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Africans visit their American cousins

Courtesy of William Holland

Marvin and William Holland, from left, sit beside Ntomnifor Richard Fru during an African-American reunion in June. Genetic analysis suggests that the Holland brothers are distantly related to Fru's Cameroonian family.

Thanks to 21st-century genetic testing, William Holland is finally able to show some of his African cousins what happened to his slave ancestors back in the 18th century. The climax of Holland's quest came last weekend, when about 60 African-Americans and Africans gathered at Franklin County Recreational Park in Virginia for a teach-in about his family's ocean-spanning, three-century saga.

The 42-year-old Holland, who lives in Atlanta, left his job at Coca-Cola and turned his focus to the family quest nine years ago. The quest is particularly difficult for African-Americans like Holland because their ancestors came over in chains with their African identity erased. Holland eventually figured out that his great-great-great-great-grandfather was brought over from Africa around 1772 and sold to a Virginia plantation owner. He even discovered that his great-grandfather, Creed Holland, was forced to serve in the Confederate Army during the Civil War.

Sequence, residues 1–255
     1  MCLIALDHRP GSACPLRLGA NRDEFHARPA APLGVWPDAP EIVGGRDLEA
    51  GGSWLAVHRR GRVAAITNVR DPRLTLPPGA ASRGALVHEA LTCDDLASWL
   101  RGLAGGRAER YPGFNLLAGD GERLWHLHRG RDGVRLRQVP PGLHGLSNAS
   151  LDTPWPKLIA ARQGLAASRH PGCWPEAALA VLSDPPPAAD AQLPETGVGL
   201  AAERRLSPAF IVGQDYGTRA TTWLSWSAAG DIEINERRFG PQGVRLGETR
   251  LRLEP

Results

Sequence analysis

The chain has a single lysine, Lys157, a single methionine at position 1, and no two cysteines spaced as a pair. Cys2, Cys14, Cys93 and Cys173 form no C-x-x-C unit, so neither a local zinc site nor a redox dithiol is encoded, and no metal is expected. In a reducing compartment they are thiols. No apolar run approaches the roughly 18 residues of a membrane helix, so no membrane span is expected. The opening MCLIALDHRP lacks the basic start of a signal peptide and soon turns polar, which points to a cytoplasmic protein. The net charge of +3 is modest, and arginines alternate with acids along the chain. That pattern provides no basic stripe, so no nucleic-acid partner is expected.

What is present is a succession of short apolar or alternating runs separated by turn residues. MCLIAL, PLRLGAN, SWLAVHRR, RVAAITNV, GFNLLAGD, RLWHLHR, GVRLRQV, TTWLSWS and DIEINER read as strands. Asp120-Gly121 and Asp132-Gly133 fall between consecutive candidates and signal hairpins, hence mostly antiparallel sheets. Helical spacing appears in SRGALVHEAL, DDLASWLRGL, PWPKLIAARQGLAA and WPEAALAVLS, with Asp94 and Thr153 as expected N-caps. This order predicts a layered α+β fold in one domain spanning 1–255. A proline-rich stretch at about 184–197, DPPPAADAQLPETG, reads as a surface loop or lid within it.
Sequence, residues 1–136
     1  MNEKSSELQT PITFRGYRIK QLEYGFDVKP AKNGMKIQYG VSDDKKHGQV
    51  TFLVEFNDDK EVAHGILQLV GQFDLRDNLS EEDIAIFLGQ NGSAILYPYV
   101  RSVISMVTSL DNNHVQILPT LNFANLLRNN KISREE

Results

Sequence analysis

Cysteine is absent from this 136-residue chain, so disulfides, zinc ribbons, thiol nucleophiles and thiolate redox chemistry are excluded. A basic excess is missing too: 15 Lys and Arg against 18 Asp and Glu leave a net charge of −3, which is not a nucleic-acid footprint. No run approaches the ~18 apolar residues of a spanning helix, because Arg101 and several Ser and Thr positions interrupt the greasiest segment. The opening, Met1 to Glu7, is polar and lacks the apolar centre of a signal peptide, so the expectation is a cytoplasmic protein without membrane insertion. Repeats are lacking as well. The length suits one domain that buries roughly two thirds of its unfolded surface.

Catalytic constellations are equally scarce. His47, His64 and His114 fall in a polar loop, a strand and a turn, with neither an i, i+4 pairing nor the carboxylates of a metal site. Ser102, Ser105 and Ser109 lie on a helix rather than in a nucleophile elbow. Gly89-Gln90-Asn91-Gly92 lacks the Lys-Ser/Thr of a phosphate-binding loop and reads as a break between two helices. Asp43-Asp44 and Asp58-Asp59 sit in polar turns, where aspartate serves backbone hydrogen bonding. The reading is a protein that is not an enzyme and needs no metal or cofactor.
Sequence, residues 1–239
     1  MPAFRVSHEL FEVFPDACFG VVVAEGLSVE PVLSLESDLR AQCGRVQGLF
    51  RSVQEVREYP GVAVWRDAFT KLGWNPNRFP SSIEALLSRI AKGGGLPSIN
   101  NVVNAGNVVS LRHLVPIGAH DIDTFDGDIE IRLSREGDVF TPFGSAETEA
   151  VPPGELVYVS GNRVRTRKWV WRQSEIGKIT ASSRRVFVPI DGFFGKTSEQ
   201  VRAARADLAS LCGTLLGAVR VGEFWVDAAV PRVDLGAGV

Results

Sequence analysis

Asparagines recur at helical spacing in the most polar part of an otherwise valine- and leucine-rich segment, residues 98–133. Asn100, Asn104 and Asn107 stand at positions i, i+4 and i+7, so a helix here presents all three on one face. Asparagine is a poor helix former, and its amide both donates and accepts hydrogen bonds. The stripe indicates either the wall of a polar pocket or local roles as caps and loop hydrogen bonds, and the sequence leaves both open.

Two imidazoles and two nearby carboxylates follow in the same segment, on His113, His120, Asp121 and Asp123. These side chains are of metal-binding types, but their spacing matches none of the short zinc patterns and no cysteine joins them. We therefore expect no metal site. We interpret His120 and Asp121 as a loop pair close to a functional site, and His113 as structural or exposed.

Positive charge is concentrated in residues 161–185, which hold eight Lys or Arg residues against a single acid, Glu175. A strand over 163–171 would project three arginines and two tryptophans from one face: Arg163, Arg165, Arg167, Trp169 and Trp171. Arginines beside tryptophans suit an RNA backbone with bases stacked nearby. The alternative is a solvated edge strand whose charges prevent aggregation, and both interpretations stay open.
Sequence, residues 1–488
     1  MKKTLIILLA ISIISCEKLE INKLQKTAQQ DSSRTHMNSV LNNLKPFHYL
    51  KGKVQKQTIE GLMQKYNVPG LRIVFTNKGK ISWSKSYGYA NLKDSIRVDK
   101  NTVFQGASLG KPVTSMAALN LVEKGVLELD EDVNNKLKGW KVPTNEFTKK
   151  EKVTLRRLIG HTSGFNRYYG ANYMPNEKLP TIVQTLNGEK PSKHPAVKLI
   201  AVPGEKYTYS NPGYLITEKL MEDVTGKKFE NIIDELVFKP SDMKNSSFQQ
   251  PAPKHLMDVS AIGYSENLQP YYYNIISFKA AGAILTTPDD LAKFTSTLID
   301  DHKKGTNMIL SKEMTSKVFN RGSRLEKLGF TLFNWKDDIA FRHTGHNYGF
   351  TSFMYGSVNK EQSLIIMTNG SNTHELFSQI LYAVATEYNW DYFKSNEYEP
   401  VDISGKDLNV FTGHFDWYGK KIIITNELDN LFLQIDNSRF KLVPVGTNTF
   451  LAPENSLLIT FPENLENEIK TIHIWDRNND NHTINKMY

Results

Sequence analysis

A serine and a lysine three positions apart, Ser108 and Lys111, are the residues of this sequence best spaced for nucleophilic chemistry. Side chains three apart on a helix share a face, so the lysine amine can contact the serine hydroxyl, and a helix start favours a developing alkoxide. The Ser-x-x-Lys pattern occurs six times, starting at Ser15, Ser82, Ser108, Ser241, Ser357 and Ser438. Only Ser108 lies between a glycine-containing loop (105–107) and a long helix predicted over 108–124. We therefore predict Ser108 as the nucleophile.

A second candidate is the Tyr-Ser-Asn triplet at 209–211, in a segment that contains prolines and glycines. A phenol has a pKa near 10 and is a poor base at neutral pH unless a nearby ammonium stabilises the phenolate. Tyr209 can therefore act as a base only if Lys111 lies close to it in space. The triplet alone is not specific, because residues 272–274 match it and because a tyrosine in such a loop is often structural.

But traditional genealogical research couldn't give Holland any further clues as to his African origins. Exactly where did his ancestors come from? Did he have any present-day cousins back in the old country? That's where genetic tests could point the way.

Holland had his DNA analyzed for markers that just might match up with African kin who had taken similar tests. Records held by the Sorenson Molecular Genealogy Foundation suggested that he might be related to the king of a region in Cameroon's Northwest Province, named Fon Angwafo III. When Holland visited Cameroon and laid out his records for the king and his counselors to inspect, he was welcomed as a long-lost relative. In fact, during a follow-up visit with other family members, Holland was ceremonially named Ndefru, after Fon Angwafo's father.

The Africans told how they lost their kin during the days of the slave trade — but when the African-Americans told how their ancestors lost their identity through slavery, Holland's Cameroonian cousins just couldn't believe it. So Holland invited "the Fon" and his family to come over to America and learn more about the other side of the slavery story.

It took months to make all the arrangements, and Fon Angwafo III himself couldn't make the trip because of political obligations at home — but late last month, the Fon's wife, Queen Kiko Anna Angwafo, finally arrived in America along with the king's son and nephew to see the region in Virginia where Holland's ancestor ended up. Holland and his family were the Africans' hosts for a family reunion on June 25. Cameroonians from the Mankon region ruled by the Fon and from the nation's West Region attended the event as well.

Courtesy of William Holland